Chicago brothers help Flint residents by supplying water during crisis

CHICAGO (FOX 32 News) - Two brothers from Chicago are lending a hand to the people of Flint, Michigan.

La'Monte and Nate Williams say they have been following the lead contamination crisis in the city's drinking water and are collecting money from family and friends to purchase water for residents.

Once they handed out all the water they purchased, they would drive back and forth to a Walmart to buy more.

The brothers say there's no hidden agenda behind their trip, and that they just saw that people needed help and they were in the position to give it.

"People need water. You can't go three days without drinking water and if you can come out here and help, I've been met with nothing but love, my little brother has been met with nothing but love and everyone seems to appreciate just two guys coming from Chicago helping out,” La’mont said.

They aren't alone. Founder of Craig’s list Craig Newmark, Sean 'Diddy; Combs and Mark Wahlberg are all donating money and water. Those donations come as the investigation into what went wrong, and when, kicks into full gear.

Michigan’s attorney general Bill Schuette announced a former prosecutor and a retired head of the Detroit FBI will play key roles. They will look into whether laws were broken.

the city of flint is still reeling from the contamination of its water supply. thousands of residents exposed to toxic levels of rust, iron and lead want to know when the problem will be solved, and who's to blame.
"This independent investigation will be high performance and the chips fall where they may,” said Schuette.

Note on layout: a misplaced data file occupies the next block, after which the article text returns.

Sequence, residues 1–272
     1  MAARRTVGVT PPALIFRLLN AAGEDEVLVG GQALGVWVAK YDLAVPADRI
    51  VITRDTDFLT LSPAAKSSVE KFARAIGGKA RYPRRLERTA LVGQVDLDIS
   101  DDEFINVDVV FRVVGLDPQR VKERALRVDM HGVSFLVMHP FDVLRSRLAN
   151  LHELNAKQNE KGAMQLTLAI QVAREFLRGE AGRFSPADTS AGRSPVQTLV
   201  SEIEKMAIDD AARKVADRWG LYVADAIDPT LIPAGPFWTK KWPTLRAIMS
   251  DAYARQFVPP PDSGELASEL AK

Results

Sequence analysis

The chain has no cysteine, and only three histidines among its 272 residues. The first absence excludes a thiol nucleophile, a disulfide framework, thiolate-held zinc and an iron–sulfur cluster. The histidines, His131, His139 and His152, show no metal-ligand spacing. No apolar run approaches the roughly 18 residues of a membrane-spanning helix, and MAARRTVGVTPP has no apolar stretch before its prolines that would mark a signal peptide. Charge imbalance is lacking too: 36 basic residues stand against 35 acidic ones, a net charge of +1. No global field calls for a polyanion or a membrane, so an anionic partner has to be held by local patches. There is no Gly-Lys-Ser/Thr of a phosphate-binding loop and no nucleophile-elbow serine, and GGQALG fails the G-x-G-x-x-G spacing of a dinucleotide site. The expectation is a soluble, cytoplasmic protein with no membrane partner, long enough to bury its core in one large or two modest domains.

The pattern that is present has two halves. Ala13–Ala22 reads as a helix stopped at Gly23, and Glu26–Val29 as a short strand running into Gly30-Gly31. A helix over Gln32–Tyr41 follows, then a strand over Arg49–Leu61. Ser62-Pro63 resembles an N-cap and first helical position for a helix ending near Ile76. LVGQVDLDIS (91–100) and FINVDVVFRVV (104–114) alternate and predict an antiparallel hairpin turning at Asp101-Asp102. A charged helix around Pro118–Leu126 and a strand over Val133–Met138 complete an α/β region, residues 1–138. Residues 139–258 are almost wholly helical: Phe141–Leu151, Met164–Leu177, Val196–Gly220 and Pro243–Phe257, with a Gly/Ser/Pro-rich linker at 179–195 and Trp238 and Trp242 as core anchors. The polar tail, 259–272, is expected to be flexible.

Michigan’s attorney general has named former prosecutor Todd Flood and former FBI agent Andy Arena as the lead investigators. He says they'll have total independence and all the resources they need.

schuette says he's also looking into ways to make sure flint residents don't get charged for water that could be making them sick.

"I certainly would not bathe a new born child or young infant in this bad water.  And if you can't drink the bad water, you shouldn't pay for it,” he said.

The disaster is also putting Michigan Governor Rick Snyder on the political hot seat with everyone from presidential candidates to celebrities calling for him to step down.

Snyder is apologizing, and blaming the crisis on state employees who should have used more common sense when the problem was first detected.

"I feel terrible about that. I mean, that's what drives you crazy about this. Most state employees are fabulous people, working hard, but in this particular case, there was a serious cultural problem,” Snyder said.

The population of Flint, Michigan has plummeted in the past few years. But the city still holds a hundred thousand people, and everyone needs to drink, eat and wash.

So, they're going to need the bottled water to keep coming.

On Tuesday, another group of Chicagoans will deliver 1500 more cases of bottled water to the city, thanks to a donation from Ultra Foods.

A Chicago firefighter -- Eric Washington -- says he's also collected more than $15,000 in just the past week to buy water for Flint.

Plus, the Will County Sheriff's department is hosting a water drive where you can drop off cash or water donations at the sheriff's office, courthouse or detention center.

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